Fun with Kobo, Calibre, and Discworld

Following up on my previous post: I decided to fool around a bit again today with Calibre and the Discworld books from Kobo. This time, I installed Adobe Digital Editions, “downloaded” the books from the Kobo web site, brought them into ADE, then from there into Calibre. That actually worked. So I now have 39 Discworld books as DRM-free EPUB files that I can (hopefully) read on my Kindle. (I only loaded one of them to the Kindle, and it worked, so presumably the rest would too.)

I also decided to try loading some DRM’d books I’ve gotten from The University of Chicago Press into ADE and them Calibre. That worked too. Previously, for those, I’ve followed the instructions from UChicago, which was to download them directly to the Bluefire Reader app on my iPad. (That app is tied into Adobe’s DRM system.) I’ve discovered that I can take the files from Bluefire, save them to OneDrive, then strip the DRM with Calibre. So that’s cool, and it means I can finally read those books on my Kindle. (I have about a dozen unread books from them. Maybe this will actually get me to read some of them. Or not… I have over 600 books in my TBR pile on Goodreads right now.)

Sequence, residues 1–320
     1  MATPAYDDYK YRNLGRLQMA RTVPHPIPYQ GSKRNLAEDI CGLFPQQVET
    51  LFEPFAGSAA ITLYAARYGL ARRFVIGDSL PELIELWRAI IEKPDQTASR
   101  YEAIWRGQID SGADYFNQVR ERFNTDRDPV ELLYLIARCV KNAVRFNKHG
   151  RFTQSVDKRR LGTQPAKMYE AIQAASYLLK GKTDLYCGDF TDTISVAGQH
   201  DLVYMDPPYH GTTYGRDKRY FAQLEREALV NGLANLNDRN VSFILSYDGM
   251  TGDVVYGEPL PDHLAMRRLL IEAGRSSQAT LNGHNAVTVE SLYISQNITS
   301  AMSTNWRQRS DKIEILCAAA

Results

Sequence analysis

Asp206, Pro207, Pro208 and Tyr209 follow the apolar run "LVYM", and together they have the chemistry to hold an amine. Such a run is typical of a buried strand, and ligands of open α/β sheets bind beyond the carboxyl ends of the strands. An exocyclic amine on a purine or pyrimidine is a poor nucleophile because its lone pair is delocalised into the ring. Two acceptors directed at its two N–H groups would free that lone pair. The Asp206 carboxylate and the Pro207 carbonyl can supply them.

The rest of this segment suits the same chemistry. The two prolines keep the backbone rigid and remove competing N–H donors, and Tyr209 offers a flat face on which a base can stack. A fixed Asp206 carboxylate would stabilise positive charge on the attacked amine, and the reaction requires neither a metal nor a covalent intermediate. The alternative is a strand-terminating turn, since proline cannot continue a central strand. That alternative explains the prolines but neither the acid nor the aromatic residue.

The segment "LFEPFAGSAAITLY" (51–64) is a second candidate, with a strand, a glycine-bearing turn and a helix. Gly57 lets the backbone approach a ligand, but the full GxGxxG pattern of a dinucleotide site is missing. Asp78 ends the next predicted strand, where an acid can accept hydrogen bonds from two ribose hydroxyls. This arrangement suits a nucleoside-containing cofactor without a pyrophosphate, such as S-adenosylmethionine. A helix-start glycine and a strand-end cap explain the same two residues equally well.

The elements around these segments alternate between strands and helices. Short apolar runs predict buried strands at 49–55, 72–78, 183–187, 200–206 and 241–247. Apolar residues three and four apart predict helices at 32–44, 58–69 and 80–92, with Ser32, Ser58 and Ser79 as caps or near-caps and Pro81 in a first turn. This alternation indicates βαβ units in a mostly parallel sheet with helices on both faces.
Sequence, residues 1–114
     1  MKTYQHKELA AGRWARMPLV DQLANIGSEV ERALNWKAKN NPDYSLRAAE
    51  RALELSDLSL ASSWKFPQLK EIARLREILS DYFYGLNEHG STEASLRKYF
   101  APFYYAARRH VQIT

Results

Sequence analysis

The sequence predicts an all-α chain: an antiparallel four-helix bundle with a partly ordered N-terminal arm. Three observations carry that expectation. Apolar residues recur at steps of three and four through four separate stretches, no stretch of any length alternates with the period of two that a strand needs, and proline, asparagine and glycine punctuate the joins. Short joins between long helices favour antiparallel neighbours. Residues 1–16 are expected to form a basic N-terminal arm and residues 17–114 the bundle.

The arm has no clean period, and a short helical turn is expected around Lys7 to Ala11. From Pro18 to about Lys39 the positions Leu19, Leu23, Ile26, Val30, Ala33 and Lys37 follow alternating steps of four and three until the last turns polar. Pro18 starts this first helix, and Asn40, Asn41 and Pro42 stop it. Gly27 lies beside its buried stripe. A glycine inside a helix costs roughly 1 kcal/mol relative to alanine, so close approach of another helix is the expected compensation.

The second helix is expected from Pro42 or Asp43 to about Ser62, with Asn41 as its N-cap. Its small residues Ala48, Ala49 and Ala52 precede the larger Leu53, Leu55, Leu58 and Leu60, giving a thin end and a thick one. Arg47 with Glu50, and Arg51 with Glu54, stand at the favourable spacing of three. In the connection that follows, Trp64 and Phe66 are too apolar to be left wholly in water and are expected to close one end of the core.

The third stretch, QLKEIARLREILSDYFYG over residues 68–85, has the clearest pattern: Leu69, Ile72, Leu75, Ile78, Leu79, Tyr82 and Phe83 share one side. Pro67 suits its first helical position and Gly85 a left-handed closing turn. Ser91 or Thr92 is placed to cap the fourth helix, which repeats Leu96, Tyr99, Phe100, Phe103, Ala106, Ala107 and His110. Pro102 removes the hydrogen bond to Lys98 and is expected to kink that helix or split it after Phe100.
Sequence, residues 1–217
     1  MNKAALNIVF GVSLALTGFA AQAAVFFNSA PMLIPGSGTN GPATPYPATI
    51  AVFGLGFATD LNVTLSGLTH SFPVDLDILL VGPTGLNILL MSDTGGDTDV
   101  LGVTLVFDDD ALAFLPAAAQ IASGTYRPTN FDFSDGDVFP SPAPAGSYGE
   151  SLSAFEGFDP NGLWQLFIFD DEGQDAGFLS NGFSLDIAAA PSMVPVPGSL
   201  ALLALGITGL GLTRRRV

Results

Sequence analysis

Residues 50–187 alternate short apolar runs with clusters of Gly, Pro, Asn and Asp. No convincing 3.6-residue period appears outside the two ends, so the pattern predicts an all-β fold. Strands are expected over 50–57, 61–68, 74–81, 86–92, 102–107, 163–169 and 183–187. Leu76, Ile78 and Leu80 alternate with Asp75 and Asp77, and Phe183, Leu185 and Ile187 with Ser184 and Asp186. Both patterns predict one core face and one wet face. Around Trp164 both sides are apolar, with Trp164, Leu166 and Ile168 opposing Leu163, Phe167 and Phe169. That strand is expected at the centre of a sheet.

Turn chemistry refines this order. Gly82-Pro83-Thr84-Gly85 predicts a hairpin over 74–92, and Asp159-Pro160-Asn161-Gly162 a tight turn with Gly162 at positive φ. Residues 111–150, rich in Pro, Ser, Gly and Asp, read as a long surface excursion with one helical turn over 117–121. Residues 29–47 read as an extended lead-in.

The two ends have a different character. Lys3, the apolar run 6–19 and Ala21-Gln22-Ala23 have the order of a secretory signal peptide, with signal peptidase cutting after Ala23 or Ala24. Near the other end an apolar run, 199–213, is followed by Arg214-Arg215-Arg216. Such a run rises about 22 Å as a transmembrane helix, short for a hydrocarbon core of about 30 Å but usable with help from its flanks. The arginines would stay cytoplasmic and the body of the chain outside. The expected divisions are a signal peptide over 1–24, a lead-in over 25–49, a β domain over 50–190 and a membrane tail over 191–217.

And, since this has gotten me thinking about e-readers and tablets and stuff, I decided to finally trade in my old 2015 Fire tablet. It only cost me $35 when I bought it, and it no longer powers on, but Amazon gave me $5 for it, plus 20% off a new Fire tablet. (That’s assuming they accept it. I guess they could reject it, but I already told them it doesn’t power on or hold a charge, so it should be fine.)

I don’t really intend on using that 20% off on a new Fire tablet, but I poked around a bit, just to see what they have. The Amazon Fire HD 8 Plus is on sale right now for $75. So I’d get another $15 off, bringing it down to $60. That’s not bad. Of course, I have no particular need for a Fire tablet, so I need to remember that.

I’m still kind of curious about picking up a Kobo Libre 2 maybe, but of course I don’t need that either. Still, e-readers and small tablets are a lot cheaper than, say, the Apple Vision Pro, so if I’m going to get tempted into buying gadgets I don’t need, I’m better off with e-readers and cheap tablets, right?

Leave a Reply

This site uses Akismet to reduce spam. Learn how your comment data is processed.